Get your protein in, and get moving, and watch the pounds come off of you quickly.
N.W.A. Workout Tip Of The Week
Sure, I want to look good naked.
Imagine being 60 years old, and being the same weight you were when you were 30 years old.
You’d feel pretty good about yourself, right?
That’s a pretty sweet accomplishment – most people gain a lot of weight as they age.
My hat’s off to you!
Buuuuut not so fast, kemosabe…
Are you lifting weights, with intensity, with your full body?
And have you been that entire time?
Because if not, there’s a good chance you’re actually not in as good of shape as you think you are…
When we hit 30 years old, each decade, we lose about 5% of our muscle mass naturally if we don’t strength train.
So, while you might be at “the same weight as you were in college”, your body composition has drastically changed for the worse.
Let’s break this down and do some math…
Let’s say you weighed 180 pounds and you were 15% body fat at the age of 30.
That means you have 153 pounds of “non-fat body mass” and you have 27 pounds of body fat.
Not too shabby – 15% body fat is lean and healthy (20% body fat is generally accepted as the “healthy” threshold).
But you aren’t weight training… so starting at age 30, you lose:
5% of your muscle mass from 30 to 40.
5% of 153 ~ 8 pounds of muscle.
At age 40, you have 145 pounds of muscle on your body.
You are now 19% body fat, and you’re trending in the wrong direction.
This is what happens to your body when you’re sedentary, and it’s scary as hell…
Fast forward another 10 years… and now you’re 50 years old and you lost another 5% of your muscle mass.
5% of 145 ~ 7 more pounds of muscle mass gone.
At age 50, you have 138 pounds of muscle on your body.
You’re now 23% body fat, and you’re out of the “healthy” range.
You are starting to develop insulin resistance and other metabolic diseases.
Your risk of cancer shoots up, and your health is in jeopardy.
And you still weigh the exact same weight you did when you were 25 years old…
In another 10 years, at the age of 60…
5% of 138 ~ 7 more pounds of muscle mass gone.
At age 60, you have 131 pounds of muscle on your body.
Even though you still weigh 180 pounds, you are now 27% body fat.
You have gained 22 pounds of pure body fat in the last 30 years, and your muscle has deteriorated.
You have high blood sugar, and you may be starting to lose your mobility.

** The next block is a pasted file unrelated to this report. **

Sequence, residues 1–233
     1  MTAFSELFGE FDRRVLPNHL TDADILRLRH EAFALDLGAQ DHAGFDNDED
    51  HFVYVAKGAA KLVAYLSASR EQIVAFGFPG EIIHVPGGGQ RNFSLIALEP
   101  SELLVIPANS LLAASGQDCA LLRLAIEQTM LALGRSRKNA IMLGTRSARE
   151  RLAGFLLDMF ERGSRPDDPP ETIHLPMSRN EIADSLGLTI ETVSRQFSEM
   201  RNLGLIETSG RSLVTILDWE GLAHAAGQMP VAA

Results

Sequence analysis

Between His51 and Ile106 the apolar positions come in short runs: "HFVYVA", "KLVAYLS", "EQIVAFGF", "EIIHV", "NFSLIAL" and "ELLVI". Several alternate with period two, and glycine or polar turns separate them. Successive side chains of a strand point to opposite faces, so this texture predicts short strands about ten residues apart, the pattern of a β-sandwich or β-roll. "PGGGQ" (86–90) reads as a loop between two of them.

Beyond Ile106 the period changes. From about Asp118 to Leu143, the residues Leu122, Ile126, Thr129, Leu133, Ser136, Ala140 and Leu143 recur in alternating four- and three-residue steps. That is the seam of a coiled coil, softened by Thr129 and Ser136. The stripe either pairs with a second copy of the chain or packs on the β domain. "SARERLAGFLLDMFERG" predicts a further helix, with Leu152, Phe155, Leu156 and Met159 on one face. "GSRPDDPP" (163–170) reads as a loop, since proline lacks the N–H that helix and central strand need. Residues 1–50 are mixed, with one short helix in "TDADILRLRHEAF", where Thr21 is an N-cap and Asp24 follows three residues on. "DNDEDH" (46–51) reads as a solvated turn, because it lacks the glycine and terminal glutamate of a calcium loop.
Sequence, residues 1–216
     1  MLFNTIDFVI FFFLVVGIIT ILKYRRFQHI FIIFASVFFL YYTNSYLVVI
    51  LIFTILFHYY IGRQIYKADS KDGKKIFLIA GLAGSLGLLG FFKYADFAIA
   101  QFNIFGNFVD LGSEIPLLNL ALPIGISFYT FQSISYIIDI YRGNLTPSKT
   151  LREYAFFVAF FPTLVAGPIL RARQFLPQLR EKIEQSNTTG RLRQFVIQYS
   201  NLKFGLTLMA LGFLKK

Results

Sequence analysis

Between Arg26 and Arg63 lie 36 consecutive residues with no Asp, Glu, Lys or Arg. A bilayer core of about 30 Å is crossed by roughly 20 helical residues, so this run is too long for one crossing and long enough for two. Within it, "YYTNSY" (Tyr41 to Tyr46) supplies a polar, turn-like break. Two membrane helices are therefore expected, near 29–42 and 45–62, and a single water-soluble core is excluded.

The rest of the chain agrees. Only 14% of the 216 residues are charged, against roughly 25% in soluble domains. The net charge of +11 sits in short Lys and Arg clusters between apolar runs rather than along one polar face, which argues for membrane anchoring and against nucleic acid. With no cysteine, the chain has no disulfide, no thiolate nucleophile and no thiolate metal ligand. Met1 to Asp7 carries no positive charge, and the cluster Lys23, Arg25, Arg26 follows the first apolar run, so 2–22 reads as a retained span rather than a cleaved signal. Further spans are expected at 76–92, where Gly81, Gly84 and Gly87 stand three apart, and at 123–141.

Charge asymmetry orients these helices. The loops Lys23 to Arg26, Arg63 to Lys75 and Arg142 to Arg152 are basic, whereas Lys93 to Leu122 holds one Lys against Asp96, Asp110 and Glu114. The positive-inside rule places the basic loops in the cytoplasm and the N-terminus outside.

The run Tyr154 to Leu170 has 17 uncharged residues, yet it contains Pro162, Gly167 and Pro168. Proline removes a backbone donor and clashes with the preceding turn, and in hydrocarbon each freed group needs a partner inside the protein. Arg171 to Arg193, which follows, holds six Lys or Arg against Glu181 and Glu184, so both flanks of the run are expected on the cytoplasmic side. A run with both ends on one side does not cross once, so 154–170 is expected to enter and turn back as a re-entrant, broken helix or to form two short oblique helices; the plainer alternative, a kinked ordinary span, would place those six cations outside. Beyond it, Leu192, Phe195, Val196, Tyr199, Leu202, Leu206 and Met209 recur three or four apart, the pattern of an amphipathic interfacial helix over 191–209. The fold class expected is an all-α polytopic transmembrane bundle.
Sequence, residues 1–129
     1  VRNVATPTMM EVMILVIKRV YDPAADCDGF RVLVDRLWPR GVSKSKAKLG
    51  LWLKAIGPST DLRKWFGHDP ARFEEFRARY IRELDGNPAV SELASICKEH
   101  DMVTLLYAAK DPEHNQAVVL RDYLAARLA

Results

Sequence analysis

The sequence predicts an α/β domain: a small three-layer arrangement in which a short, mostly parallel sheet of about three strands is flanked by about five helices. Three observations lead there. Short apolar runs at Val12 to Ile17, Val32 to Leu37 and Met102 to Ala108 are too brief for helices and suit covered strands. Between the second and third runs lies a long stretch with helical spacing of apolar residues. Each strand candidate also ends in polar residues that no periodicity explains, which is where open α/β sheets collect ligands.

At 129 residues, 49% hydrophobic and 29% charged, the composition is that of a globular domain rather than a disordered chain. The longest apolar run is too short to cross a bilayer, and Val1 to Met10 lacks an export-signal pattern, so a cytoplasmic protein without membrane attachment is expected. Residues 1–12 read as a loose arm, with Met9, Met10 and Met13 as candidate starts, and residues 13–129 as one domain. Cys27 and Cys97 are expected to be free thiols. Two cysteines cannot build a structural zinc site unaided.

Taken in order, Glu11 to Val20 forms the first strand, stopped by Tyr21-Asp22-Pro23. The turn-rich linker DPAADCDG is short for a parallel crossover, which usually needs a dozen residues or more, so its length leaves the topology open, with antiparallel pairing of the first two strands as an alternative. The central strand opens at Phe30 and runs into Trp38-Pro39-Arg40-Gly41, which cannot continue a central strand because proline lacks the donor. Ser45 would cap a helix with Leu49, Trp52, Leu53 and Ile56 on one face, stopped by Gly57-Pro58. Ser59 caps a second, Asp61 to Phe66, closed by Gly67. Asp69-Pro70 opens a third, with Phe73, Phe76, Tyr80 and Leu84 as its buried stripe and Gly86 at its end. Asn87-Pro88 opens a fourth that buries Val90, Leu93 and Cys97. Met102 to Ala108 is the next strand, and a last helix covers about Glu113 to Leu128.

That is some pretty scary stuff…
It gets even worse after 60…
When you hit 60, you no longer lose 5% of your muscle mass per decade… that number skyrockets to 12%!
12% of 138 pounds of muscle = a whopping 17 pounds of muscle mass gone in 10 years!
When you hit 70, you’re now down to 114 pounds of muscle on your body, which means you are 36% body fat.
Even though you “still weigh the same” as you did in college… you are clinically obese.
Your quality of life is impaired.
You can no longer move around and play with your grandkids like you wish you could.
You have diabetes and are likely on numerous medications.
All because you “didn’t have time” to strength train…
If that doesn’t frighten you, there’s something wrong with you.
The good news is all of this can be reversed by lifting weights.
All of it.
You lift weights AND stay at the same bodyweight, and you will be close to 15% body fat, even at the age of 70, which is a remarkable achievement.
But it doesn’t happen by accident.
It only happens by hard work.
I’m not sure about you, but I’m aiming for strong and robust well into my Golden Years, not old and frail.
Lifting weights isn’t just for flat abs and flexinb biceps.
It’s for living your best life, from here on out.
Looking to regain your youth and vigor?
Our community will give you all that and then some, just take a look at the hundreds of people we’ve helped.
You can get your 1st month of Full Access: Anyman Fitness for just 20 bucks at this link.
N.W.A. Mindset Tip Of The Week
I saw an article last week that really made me raise an eyebrow.
The article said studies have shown exercise is up to 1.5 times more effective for curing anxiety and depression than medication OR therapy.
I’ve had some issues with mental health in the past.